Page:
Many of the participants traveled from other states and as far away as Canada to participate.
“What I enjoyed about doing the Ragnar Relay was that it was wonderful time to spend with some old and new friends,” said Seepie, “and to see all teams who participated cheering each other on and having a great time.” Originally assigned to be a van driver, Seepie was recruited as a runner when another participant dropped out. This was her first Ragnar Relay race. She was runner No. 4 in the women’s group; her first leg was 5 miles, her second leg 4.7 miles and her third leg 3 miles.
“I found running my first leg outside of Prescott a challenge due to the altitude and hills,” Seepie said. “But it was a calming and beautiful route. My second leg was a night run, at around 1 a.m., into Wickenburg. That part was cold and I was a little scared, but I kept myself positive and listened to one of my favorite running songs (“Meet Me Halfway” by the Black Eyed Peas) over and over to get me to the exchange. My final leg started in Lehi on McDowell Road; by that time I was so happy that I was finally done with my part of the relay.”
“It was very fun,” said Amber Manuelito. “This was my second time participating in the Ragnar Relay Race. It was all exciting, except for the loss from the accident, which shortened the race. We all took precautions when we ran, but it was mostly safe during all our runs,” she said.
Manuelito ran at night, and she said the biggest challenge was keeping warm. She ran the first leg of the race, running 6 miles, which she really enjoyed. “I saw a part of the state I had never seen before,” she said.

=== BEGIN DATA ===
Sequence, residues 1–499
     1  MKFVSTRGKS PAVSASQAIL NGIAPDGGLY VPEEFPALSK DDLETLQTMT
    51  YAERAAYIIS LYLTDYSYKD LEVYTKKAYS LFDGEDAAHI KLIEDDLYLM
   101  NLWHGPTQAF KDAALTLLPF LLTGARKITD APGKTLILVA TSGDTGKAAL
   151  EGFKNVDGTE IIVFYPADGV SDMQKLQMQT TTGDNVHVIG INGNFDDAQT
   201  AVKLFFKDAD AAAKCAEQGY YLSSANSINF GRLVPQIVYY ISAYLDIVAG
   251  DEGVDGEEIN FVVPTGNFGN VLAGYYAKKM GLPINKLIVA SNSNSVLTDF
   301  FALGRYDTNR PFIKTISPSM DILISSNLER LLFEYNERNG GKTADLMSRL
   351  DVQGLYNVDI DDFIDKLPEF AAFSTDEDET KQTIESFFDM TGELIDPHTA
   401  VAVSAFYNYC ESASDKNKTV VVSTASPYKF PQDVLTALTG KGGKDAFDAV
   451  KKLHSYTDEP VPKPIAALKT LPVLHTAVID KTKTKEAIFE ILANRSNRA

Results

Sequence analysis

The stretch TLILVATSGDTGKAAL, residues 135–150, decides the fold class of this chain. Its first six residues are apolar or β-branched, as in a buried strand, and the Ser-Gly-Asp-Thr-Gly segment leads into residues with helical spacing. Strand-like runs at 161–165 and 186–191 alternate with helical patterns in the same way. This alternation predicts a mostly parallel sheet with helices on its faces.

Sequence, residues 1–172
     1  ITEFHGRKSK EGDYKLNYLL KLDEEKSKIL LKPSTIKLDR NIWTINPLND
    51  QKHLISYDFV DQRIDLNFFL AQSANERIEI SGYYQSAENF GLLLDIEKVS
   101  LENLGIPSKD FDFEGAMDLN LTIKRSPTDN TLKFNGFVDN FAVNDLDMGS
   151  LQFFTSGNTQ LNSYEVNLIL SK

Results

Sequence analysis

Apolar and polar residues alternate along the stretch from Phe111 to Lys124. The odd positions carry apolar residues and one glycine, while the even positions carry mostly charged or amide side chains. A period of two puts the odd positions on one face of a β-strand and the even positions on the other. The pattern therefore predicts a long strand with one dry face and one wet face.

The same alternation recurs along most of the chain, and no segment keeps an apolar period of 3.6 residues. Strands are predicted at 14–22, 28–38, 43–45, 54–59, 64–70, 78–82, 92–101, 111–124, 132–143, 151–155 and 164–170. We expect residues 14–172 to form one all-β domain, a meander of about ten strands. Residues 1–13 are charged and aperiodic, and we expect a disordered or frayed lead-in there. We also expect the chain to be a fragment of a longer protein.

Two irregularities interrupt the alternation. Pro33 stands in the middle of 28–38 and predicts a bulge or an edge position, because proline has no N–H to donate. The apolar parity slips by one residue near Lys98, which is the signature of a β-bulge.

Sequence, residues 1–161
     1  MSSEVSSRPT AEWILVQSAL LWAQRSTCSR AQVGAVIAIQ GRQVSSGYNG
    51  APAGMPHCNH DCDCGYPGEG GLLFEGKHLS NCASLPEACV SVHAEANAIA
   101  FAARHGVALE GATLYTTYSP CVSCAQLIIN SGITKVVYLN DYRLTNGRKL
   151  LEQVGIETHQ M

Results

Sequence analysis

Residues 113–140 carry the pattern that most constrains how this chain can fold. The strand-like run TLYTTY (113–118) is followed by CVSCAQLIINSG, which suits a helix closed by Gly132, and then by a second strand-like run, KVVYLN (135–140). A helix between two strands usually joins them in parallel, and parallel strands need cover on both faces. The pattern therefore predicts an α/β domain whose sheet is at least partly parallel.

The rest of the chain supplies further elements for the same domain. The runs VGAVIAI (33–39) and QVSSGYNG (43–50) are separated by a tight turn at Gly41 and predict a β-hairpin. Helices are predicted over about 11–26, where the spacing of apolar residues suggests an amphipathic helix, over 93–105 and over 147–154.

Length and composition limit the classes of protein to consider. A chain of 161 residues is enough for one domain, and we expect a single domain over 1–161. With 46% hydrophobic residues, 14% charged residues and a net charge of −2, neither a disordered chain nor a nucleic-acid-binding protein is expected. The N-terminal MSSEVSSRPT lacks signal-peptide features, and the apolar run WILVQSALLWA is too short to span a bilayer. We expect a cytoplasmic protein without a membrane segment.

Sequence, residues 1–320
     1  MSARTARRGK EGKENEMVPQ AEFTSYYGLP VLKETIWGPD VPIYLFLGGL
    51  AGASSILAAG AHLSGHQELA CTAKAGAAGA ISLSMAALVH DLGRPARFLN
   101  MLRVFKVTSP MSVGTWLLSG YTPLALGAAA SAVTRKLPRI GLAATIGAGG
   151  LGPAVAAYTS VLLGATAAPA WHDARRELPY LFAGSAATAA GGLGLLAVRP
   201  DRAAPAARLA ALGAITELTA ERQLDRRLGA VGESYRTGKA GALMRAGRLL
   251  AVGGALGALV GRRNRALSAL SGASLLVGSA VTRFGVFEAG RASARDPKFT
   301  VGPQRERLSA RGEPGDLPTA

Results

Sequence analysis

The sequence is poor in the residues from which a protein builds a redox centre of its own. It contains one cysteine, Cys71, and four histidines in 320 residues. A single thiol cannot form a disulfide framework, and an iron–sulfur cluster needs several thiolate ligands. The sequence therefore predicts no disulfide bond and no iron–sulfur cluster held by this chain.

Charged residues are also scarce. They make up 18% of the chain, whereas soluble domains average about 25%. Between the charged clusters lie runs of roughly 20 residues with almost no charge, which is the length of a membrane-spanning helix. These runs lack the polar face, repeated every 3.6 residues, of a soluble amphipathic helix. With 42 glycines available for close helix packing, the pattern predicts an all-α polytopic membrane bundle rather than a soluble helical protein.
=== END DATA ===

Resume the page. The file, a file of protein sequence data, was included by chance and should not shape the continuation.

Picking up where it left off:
Manuelito’s next leg was the following morning, and again it was cold. “That was a cold and hard 3 miles,” she said. “At one point we had to find a parking lot and crash there until our runner came in and it was one of our turns to run.”
It was a learning experience for Manuelito, both running and learning from her teammates who were all traveling together. For the last leg of the relay, she got to run to the finish line.
“At the end, the whole team met up at Tempe Marketplace to meet our teammate Amber and finish the race together as a team; that was such a wonderful, joyous feeling,” said Seepie.
About the Ragnar Relay
In the Ragnar Relay, teams of 12 run 24 hours a day, nonstop, through towns, mountains and hills. Team members can be elite runners or beginners. Each team member runs three legs of the relay, and each leg can be 3 to 8 miles long over different kinds of terrain.
The Ragnar Relay Race began as the dream of Steve Hill, who tossed around an idea in the 1980s to stage a grand relay race in Utah. It would not come to fruition until 2004, when the first 170-mile Ragnar Relay Race took place. Now, it is recognized as one of the largest relay races in the nation. The series includes the Ragnar Relay Wasatch Back (Utah), Ragnar Relay Great River (Minnesota/Wisconsin), Ragnar Relay Northwest Passage (Washington State) and the Ragnar Relay Del Sol (Arizona).
Team Members: A Bad Case of the Runs